From a testing perspective, we should shift our focus to tests that are going to drive meaningful differences in clicks or conversions. Some examples may include: 

  • Button color, placement, and language
  • Number of links in an email
  • Graphic heavy vs. all text emails

Perhaps the biggest change will be on deliverability monitoring and list health. Ironically, one of the biggest unintended consequences of this change may be users actually receiving MORE spam email as organizations are unable to remove users who rarely engage with their content. Once these changes take effect, our recommendation is that most organizations transition to an active list definition of anyone who has clicked on an email in the last 12 months and monitor delivery rates from there. Over time you may want to shrink this window depending on the type of engagement rates you see in practice.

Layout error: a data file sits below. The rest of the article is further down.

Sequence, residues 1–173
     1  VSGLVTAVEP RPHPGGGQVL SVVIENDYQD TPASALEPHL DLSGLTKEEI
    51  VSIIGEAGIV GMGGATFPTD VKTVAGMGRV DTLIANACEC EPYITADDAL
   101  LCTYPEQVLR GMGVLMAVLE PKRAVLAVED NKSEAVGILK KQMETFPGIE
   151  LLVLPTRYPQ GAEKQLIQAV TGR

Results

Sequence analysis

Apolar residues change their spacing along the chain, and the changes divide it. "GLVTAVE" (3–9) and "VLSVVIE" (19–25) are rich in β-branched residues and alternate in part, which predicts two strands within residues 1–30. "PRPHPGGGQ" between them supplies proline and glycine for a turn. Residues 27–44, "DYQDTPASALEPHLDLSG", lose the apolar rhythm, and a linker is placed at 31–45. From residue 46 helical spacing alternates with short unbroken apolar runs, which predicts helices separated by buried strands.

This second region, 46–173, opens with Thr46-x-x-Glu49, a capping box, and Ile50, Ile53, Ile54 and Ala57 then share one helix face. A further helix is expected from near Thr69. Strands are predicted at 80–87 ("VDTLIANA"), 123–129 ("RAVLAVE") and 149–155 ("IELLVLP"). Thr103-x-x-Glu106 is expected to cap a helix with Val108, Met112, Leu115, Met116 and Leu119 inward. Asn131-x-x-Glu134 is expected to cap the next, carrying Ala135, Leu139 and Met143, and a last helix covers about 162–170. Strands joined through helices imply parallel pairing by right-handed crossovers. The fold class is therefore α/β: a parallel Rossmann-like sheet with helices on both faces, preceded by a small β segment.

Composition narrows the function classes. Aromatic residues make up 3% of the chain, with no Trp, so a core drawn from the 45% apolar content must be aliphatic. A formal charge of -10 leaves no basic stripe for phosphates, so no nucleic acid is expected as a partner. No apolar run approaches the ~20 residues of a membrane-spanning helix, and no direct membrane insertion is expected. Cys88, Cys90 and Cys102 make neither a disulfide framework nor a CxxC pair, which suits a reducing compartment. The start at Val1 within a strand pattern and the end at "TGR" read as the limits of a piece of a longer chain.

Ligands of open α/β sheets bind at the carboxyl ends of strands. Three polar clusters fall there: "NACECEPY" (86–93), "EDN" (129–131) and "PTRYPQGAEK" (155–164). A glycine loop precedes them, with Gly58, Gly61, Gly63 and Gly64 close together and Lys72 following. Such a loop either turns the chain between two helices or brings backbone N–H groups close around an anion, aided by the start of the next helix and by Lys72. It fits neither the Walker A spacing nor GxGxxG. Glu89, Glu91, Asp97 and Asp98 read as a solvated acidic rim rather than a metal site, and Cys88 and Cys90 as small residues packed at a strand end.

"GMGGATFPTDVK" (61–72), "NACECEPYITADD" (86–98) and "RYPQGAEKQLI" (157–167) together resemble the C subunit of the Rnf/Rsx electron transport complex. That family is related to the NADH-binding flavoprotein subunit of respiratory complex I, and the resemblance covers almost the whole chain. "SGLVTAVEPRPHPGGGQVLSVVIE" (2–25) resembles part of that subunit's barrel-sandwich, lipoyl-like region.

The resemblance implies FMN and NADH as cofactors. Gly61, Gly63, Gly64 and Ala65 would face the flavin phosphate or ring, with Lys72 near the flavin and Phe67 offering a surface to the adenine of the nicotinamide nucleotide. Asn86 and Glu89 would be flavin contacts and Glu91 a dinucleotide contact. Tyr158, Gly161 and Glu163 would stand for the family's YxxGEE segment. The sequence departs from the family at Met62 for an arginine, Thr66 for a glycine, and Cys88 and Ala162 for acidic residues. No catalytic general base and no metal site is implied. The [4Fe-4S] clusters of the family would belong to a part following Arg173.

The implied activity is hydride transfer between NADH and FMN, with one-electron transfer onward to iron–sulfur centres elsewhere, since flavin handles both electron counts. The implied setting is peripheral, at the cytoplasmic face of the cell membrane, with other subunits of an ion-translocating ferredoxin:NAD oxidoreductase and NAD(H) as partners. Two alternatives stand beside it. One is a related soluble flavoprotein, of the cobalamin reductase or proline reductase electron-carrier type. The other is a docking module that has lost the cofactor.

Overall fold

Additionally, we recommend sending more emails that are specifically engineered to drive a click. Examples of this include one-click surveys, polls, and engagement content that offers something to a supporter without expecting anything in return.

While none of these changes will be a perfect substitute for open rates, they are the best options in the face of this change. 

One positive of the changes that will be wrought by Mail Privacy Protection is that organizations of all shapes and sizes will be encouraged to focus more on the content in their emails as opposed to the buzzy subject line on top of  it. While the disruption caused by these changes will be significant in the short-term, there is a chance it leads to better, more creative email programs over time.